The years between 1860 and 1910 were among the beardiest in recorded history. No one escaped bare-chinned: not Uncle Sam, not Jesus, and certainly not Pittsburgh’s mayors.
On the fifth floor of the City-County Building, Gloria Forouzan, office manager for Pittsburgh Mayor Bill Peduto, walks a long, central hallway punctuated by the 56 portraits of mayors past. Fourouzan pauses under each one and describes their grooming choices, frozen forever in brass.
“Samuel Pettigrew with his chops…Honorable Mayor (Benair) Sawyer, nice little mustache,” she said, stopping for a hard look at Robert Liddell. “Doesn’t he look like one of those gamblers from the old West? You know, card-sharky type? No offense, Liddell.”
Though mostly clean-shaven, the mayoral look changed dramatically between 1857 and 1914; just two of that period’s 20 mayors lack whiskers.
Sarah Gold McBride, a Ph.D. candidate studying the social meanings of hair in 19th century America at the University of California at Berkeley, said that isn’t particularly surprising.
“Associations of facial hair and power -- political power in particular -- became so salient in the second half of the 19th century," she said. "(That) may account for why it is so common among politicians.”
When asked to characterize just how popular the beard was in the 1800s, Gold McBride laughed.
“On a scale of one to beardy, the 19th century was extremely beardy," she said. "One scholar has called the 19th century ‘the bushiest boom in facial hair history.’”
It’s difficult to overstate the bristles’ ubiquity. What is difficult is explaining exactly why sideburns, mustaches, goatees and beards became the century’s must-have. Gold McBride said a market economy, industrialization and urbanization wrought dramatic changes in American society. Notably, a greater presence of women.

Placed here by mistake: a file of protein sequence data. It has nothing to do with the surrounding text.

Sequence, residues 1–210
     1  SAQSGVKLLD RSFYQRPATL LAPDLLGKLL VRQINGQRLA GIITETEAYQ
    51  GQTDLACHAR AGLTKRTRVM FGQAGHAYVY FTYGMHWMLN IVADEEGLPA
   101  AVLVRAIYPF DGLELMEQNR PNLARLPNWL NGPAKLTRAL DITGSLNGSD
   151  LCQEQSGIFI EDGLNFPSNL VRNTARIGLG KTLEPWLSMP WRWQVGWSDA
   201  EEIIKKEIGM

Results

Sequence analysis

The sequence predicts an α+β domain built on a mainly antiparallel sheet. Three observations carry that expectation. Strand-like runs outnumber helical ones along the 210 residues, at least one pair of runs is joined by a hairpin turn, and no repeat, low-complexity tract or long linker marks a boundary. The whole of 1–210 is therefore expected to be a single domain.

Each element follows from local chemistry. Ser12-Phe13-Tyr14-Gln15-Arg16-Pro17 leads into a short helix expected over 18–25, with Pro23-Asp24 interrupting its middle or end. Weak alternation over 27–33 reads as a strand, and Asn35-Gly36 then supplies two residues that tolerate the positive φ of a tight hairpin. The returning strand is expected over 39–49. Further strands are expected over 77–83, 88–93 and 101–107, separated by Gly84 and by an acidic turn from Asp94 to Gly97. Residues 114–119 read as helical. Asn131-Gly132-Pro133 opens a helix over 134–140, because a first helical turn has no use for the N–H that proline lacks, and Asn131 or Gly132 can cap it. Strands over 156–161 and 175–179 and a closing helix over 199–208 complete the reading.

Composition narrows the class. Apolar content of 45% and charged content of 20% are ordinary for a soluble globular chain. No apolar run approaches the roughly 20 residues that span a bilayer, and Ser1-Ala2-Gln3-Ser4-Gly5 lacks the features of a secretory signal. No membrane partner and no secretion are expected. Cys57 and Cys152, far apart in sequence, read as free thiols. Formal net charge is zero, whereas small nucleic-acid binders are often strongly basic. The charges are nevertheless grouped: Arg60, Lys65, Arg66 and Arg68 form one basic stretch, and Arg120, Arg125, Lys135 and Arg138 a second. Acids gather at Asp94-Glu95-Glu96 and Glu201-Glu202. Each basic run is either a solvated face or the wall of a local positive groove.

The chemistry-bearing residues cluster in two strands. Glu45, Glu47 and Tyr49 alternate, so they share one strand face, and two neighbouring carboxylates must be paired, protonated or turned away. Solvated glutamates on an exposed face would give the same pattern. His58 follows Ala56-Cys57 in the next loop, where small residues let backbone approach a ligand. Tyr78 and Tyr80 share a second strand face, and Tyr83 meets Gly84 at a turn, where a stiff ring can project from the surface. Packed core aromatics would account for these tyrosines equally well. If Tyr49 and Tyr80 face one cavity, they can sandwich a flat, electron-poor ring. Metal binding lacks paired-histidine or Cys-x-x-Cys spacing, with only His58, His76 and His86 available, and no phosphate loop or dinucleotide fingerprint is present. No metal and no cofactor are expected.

“American men began searching for quick and visual ways to distinguish themselves from women,” Gold McBride said.
The beard became a sort of resistance to women’s new role in public life and the fight for suffrage. She cited an 1869 book by theologian Horace Bushnell.
“He says that the beard is essentially the way that God has marked men as the superior sex, by giving them a beard,” she said.
To Gold McBride, the beard’s ascendance resulted from a conscious, collective assertion of masculinity. Sean Trainor sees it differently.
“I sort of think about the beard fashion as accidental in the sense that no one really set out to make it as big as it was,” he said.
In his forthcoming book, Groomed For Power: A Cultural Economy of the Male Body in 19th Century America, Trainor argues a lot of factors made shaving more painful, literally and metaphorically. For starters, more Americans were living and shaving in cities.
“They live in this world of strangers where they don’t know anyone," he said. "You have to put yourself in the seat of some of these folks who are going to barbershops and thinking, ‘This barber could be anybody.’”
It was the era of Sweeney Todd, emblematic of a new genre of fiction in which barbers did terrible, murderous things to customers. So you decide to shave yourself. Easy. Except…
“Straight razor shaving is really, really difficult. Folks are just ditching the razor and taking up the beard instead,” he said.
As the beards grew, so, too, did the justifications for growing them, Trainor said.
“You see folks saying, 'The beard is natural. It’s endowed by God, by a benevolent creator, that God gives nothing in vain. That the beard is this aid to men who want to lead a rugged, natural existence,'” he said.
Regardless of how it came to be, the beard enjoyed some 50 years of bristly prominence: cartoonist Thomas Nast gave Uncle Sam a beard; Protestants began daubing beards on Jesus to give him a “manly countenance.” Bare-chinned candidates took just two presidential elections between 1860 and 1908. And then? The mainstream beard vanished. For a while.
Antoine Thomas owns and operates Hair on Bedford Square on the South Side where a section of the style menu is devoted entirely to facial hair treatments.
“Everybody wants a beard,” he said. “The beard, it’s about some kind of power. A presence of being manly, basically. But I’m telling you: beards are a pain in the butt.”
As with all of bearded history, though, that depends on who you ask.
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